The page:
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Youth sports can be a wonderful developmental experience for kids, teaching discipline, teamwork, and hard work, among other skills. It can also be a learning process for coaches, who must adapt their style to meet their players’ needs. And for parents watching a Little League baseball game, the whole thing can be wildly funny. Cardinal Stage’s presentation of Rounding Third showcases all of this, plus much more.
The two-man play centers on Don, an intense, results-focused Little League coach, and his new assistant coach, Michael, who prefers to emphasize individual growth and having fun. Their coaching styles and lives are completely different, which creates friction between them, as well as hilarious dialogue. The show is a sharp comedy, with the characters jabbing at each other and their surroundings.
But Rounding Third is a complex show, with developed characters and realistic conflict that make the jokes hit even harder. As Director Matt Decker describes it, the show is “about two men learning to face their choices as reflected by the other person.” There are struggles and some dark moments sprinkled between the jokes, where a touching story develops. “This is a two-man show, which provides an opportunity to really delve into the characters. Neither is straight good or bad; they’re complicated,” says Decker. “The dramatic conflict between them is presented in a funny way — they act more childish than the kids they coach!”
At the crux of their conflict is their approach to coaching, which is really an expression of their personalities and life experiences. John Armstrong plays Don and appreciates the positives of his character as well as Michael, played by Jay Hemphill. “Don wants to motivate the players to do their best, while Michael wants to make sure each player is being included and having fun,” Armstrong says. “They have to reconcile their differences for the betterment of the kids.”
That is a sentiment most people can relate to, whether it’s dealing with personal, professional, or community conflicts to reach a common goal. It doesn’t mean completely changing the other person, or even liking them, but finding common ground. “These characters start to understand each other, and that’s when they grow and learn,” says Armstrong.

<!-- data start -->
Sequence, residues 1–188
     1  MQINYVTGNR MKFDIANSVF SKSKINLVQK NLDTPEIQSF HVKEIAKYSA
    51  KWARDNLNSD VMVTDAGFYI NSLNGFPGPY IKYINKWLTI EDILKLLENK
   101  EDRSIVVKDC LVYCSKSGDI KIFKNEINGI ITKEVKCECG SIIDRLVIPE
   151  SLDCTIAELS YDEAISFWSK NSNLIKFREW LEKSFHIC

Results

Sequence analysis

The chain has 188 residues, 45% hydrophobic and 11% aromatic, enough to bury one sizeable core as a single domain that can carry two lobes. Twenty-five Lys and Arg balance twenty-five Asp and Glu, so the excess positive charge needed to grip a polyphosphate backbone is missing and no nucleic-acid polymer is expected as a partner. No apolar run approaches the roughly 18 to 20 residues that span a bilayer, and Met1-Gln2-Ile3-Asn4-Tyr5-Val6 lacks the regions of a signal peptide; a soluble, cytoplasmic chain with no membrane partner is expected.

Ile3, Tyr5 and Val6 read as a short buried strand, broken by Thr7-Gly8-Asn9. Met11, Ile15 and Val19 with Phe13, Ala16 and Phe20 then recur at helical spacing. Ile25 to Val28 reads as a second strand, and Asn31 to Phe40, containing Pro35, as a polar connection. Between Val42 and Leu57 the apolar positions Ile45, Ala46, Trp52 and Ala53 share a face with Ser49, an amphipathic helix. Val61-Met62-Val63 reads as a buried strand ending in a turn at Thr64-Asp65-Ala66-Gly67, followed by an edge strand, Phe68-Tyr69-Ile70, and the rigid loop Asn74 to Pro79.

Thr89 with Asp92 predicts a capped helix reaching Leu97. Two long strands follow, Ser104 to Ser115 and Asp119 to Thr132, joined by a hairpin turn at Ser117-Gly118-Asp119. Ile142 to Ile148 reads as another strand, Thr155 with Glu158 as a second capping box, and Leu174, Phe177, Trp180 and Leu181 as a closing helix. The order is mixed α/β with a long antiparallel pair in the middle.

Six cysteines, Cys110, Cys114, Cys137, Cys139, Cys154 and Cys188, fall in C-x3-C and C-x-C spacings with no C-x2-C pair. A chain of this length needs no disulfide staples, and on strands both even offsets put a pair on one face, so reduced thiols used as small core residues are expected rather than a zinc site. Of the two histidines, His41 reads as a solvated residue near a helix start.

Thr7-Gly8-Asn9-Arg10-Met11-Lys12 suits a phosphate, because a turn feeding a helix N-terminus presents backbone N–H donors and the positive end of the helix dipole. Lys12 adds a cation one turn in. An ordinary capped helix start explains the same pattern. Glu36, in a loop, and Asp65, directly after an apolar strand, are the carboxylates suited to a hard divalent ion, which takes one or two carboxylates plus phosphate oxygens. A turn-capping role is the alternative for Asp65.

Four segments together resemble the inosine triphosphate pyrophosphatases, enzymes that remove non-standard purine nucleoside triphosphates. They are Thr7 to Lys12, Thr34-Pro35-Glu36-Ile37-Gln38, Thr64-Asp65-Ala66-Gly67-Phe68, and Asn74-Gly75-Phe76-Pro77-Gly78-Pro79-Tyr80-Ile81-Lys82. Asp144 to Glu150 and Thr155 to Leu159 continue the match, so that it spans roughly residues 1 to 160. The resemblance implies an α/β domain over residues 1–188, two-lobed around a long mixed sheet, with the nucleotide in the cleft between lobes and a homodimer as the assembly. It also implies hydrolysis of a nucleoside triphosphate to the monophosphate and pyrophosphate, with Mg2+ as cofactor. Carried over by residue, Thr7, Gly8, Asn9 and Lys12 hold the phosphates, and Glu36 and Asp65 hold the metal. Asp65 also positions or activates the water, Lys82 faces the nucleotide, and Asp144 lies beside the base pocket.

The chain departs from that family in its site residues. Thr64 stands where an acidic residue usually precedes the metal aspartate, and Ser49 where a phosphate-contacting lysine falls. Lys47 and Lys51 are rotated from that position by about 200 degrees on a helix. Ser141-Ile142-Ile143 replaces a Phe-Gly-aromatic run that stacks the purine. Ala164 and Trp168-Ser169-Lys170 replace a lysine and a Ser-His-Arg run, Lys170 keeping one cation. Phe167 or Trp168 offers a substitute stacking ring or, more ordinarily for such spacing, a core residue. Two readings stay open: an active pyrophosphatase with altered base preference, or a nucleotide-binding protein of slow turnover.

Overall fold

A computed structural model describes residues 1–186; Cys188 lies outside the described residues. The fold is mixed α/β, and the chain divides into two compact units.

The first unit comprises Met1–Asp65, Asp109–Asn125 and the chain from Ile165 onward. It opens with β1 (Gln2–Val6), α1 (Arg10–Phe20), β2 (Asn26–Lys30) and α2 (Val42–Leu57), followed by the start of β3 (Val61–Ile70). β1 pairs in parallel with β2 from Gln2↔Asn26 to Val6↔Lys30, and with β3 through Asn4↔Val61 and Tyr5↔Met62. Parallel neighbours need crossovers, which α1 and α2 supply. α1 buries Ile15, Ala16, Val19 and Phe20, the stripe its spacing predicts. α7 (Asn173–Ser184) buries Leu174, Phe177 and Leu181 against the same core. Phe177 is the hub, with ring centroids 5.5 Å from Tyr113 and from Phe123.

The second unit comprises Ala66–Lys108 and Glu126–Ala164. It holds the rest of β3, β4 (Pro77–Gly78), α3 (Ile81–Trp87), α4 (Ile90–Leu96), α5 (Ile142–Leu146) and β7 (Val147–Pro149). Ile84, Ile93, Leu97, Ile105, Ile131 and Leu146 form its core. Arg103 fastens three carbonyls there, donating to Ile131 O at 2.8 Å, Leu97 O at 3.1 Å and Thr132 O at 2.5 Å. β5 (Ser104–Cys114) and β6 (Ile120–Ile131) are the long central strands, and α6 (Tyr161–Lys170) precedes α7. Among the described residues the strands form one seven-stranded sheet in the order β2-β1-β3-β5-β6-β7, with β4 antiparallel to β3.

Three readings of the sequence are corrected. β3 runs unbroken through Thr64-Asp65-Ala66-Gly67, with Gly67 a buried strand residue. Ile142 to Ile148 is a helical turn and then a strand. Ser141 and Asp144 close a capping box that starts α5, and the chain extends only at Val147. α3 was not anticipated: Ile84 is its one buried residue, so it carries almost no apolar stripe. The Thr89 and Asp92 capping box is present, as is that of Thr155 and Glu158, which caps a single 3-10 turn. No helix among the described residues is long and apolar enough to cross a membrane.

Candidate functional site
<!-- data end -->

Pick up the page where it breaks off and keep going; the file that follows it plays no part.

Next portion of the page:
As a theater coach and Executive Director of Bloomington Academy of Film and Theatre, Armstrong has experience with leading young people. “Coaching of any type is like parenting,” he says. “We have different techniques to motivate and teach kids, and we use whichever is appropriate or most effective.”
According to Dr. Jesse Steinfeldt, Sport Psychologist and Professor of Counseling Psychology at Indiana University, the play’s characters are at the extreme ends of the coaching continuum. “A good coach will prioritize fun, skill development, and appropriate competitive engagement in their players,” he says. “Coaches have to establish expectations and provide reinforcements when they are met, and consequences when they are not.”
For Steinfeldt, who is also a Little League coach, focusing on the process instead of the outcome has been most effective. “You can’t control outcomes, so I teach my players to worry about what they can control: effort and response,” he says. “I have three simple rules: listen to coach, work hard, and have fun.” Simple, but effective rules that teach kids important baseball skills. And, of course, to enjoy it all.
These are skills kids use beyond the ballfield fences. “Youth sport is the perfect laboratory to teach life skills — kids learn resilience, dealing with adversity, moving outside their comfort zone, dealing with teammates and coaches, working hard, and more,” says Steinfeldt. “Sports are a great teaching tool — if parents and coaches can avoid making the sporting environment overly competitive.”
That type of extreme competition is showcased in the play, through Don and his comments to parents. This is all too real in the world of youth sports. Steinfeldt sees coaches who get caught up in the excitement of the game or simply don’t know best practices for motivating kids. And some parents might struggle with watching their child struggle or fail at a sport. On the opposite side, some parents want to see their kid challenged through competition and are frustrated when coaches — like Michael — take the approach that everyone gets a trophy for trying. “If parents believe that the coach has their child’s best interests in mind and prioritize the proper values, they will trust the coach to guide the kid in the right direction,” he says.
For Decker, this is the role of the characters in Rounding Third. “We ask coaches and teachers and youth leaders to show kids a different perspective in a different scenario,” he says. “Don and Michael do some things right — and some things wrong — but both care about the kids and try to do what’s best.”
These true-to-life sports themes run throughout the play, along with touching and dramatic stories from the two characters. And connecting it all is relatable and truthful humor. “Comedy comes from conflict and human experience,” says Decker. “This play is very true, and very funny.”
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